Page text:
Beyond Fest Review: The Holy Mountain – It’s Art, Man

I started watching Jodorowsky movies to make Vern, the outlaw film critic who named me Franchise Fred, proud. He considered it valuable art, so I watched Santa Sangre, El Topo and The Holy Mountain. Later I caught his newest The Dance of Reality and the film about Jodorowsky’s Dune, and I went back and saw Fando and Lis. Beyond Fest showed The Holy Mountain on 35mm so now I have seen Jodorowsky get his butt hole washed on the big screen. It’s art, man.

I don’t try to interpret art films like The Holy Mountain. I’m more into the experience of witnessing an entertaining collection of vignettes, and boy is The Holy Mountain surreal and entertaining. The Alchemist (Jodorowsky)’s search for enlightenment is interrupted by nine businessmen from each of the nine planets (back when Pluto was still a planet) demonstrating their crazy businesses.

These include sex machines, butt paintings, test subjects impaling themselves on bayonets, electric cadaver stimulation and five more. The clowns are especially poignant with today’s clown violence hysteria. How did Jodorowsky know?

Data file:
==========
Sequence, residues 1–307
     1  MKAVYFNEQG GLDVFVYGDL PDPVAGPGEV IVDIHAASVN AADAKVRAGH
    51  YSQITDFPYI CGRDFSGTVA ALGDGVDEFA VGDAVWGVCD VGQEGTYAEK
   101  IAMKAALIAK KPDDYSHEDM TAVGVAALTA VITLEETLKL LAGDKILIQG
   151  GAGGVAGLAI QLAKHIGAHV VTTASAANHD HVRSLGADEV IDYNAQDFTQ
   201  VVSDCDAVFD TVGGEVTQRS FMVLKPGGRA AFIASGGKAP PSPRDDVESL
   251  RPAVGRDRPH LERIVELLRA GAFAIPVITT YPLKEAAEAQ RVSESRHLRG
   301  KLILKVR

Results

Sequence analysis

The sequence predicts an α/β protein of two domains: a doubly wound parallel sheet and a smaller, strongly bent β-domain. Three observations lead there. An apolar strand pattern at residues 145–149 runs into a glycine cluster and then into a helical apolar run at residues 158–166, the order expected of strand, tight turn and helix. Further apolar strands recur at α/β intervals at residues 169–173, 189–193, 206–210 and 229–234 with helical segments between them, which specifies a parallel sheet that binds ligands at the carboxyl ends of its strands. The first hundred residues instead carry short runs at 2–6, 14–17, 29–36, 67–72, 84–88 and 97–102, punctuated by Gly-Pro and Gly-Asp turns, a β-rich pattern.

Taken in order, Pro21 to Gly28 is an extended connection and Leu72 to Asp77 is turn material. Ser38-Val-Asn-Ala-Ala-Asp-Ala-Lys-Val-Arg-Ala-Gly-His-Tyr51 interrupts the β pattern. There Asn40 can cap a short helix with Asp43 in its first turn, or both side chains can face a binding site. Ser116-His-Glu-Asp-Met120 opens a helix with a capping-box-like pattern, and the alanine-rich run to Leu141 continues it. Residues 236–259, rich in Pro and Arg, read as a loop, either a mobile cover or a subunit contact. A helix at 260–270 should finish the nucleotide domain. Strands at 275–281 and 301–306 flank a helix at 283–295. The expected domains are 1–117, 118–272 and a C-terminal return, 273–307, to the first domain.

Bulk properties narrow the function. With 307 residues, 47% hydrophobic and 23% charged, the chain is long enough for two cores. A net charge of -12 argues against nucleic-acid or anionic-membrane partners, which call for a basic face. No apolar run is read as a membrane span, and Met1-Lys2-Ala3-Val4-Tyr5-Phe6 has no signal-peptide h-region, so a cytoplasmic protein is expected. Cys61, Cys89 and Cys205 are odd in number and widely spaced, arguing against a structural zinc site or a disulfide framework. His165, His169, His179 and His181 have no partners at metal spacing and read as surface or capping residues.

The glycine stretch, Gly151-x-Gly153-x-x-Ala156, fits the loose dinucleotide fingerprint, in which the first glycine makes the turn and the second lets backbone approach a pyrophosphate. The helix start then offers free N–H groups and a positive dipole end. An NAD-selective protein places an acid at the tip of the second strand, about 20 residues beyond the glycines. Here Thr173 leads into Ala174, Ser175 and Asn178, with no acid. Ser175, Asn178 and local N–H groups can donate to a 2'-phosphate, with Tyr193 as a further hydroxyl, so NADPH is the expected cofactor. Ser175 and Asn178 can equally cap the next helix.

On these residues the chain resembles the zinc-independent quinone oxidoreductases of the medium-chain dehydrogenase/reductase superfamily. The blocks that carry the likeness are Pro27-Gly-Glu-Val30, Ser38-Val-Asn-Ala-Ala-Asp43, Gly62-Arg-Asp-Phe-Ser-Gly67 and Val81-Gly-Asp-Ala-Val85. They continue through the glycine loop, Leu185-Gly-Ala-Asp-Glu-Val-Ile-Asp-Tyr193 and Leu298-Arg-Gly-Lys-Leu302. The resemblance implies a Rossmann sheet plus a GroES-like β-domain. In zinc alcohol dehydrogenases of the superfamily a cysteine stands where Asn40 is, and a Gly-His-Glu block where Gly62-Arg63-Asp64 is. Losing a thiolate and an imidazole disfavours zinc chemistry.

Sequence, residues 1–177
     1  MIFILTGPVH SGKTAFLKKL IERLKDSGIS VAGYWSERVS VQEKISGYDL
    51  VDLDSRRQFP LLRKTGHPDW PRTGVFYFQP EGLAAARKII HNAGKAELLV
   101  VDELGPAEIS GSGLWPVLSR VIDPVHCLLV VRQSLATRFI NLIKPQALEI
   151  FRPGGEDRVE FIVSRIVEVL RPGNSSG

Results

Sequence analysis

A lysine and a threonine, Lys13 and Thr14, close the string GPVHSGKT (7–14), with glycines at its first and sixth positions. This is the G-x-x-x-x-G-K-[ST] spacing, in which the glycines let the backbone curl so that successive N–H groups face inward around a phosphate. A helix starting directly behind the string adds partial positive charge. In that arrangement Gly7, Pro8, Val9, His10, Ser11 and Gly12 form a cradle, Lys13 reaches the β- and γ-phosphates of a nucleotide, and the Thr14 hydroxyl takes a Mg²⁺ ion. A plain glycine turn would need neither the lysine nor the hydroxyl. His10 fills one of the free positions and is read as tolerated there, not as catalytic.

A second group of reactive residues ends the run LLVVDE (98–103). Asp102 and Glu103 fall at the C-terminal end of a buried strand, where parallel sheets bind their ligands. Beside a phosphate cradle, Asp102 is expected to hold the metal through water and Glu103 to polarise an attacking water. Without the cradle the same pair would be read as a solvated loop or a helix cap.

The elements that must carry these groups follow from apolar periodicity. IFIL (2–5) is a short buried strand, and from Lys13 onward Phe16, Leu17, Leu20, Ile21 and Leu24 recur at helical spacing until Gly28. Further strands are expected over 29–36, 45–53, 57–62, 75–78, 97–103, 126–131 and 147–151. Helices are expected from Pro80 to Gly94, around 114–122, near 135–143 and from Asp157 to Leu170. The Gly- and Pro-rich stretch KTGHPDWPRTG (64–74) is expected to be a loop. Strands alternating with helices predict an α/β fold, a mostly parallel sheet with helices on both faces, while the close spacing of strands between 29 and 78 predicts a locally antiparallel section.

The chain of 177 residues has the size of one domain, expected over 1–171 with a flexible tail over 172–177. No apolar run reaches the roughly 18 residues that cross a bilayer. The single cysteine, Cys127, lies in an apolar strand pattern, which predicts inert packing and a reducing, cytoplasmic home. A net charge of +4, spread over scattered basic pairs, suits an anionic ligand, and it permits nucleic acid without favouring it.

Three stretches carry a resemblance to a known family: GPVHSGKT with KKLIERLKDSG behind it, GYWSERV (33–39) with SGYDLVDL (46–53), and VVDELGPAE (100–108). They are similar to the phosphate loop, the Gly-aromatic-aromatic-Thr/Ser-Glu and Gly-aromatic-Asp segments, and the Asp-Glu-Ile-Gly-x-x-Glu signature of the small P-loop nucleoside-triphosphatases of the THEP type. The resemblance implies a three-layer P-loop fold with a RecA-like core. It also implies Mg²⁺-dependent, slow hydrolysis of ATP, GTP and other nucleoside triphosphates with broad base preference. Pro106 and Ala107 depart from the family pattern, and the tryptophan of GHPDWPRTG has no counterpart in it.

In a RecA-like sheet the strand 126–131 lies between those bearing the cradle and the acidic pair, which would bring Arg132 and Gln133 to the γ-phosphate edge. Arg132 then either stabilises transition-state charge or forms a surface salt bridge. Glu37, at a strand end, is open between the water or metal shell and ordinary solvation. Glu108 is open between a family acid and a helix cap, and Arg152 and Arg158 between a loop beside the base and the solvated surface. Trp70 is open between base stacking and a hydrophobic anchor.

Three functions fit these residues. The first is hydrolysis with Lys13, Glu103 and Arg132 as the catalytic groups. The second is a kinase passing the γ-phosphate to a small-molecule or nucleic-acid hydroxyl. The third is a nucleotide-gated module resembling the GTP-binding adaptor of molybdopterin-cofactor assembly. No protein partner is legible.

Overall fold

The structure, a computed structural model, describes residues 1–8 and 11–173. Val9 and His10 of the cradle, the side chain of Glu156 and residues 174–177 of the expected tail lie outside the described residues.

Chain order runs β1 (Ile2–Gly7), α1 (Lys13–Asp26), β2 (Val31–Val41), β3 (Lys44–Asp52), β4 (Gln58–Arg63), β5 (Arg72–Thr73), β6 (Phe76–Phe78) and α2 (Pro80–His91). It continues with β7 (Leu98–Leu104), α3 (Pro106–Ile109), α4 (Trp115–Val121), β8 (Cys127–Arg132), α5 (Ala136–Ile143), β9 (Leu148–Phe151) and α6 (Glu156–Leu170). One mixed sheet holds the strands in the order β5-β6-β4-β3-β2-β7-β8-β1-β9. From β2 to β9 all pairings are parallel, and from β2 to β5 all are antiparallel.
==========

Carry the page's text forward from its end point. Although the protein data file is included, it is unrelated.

Some of it is just weird to look at, like a toilet that’s at least four feet off the ground. No one really needs to explain what the Sanctuary of 1000 Testicles means. It really speaks for itself. And K2’s got nothing on mountain humping.

In the end, the Alchemist reveals his secret with a devilish grin like a lovable scamp. Oh, Jodorowsky. In one sense it’s like the whole provocative introspective film has been a big joke, but Jodorowsky still delivers it with utter conviction. Like I said, I don’t really need it to mean anything. I’m just happy to see the sort of things depicted on screen that nobody else would ever think to film, in or out of context. It’s art, man.

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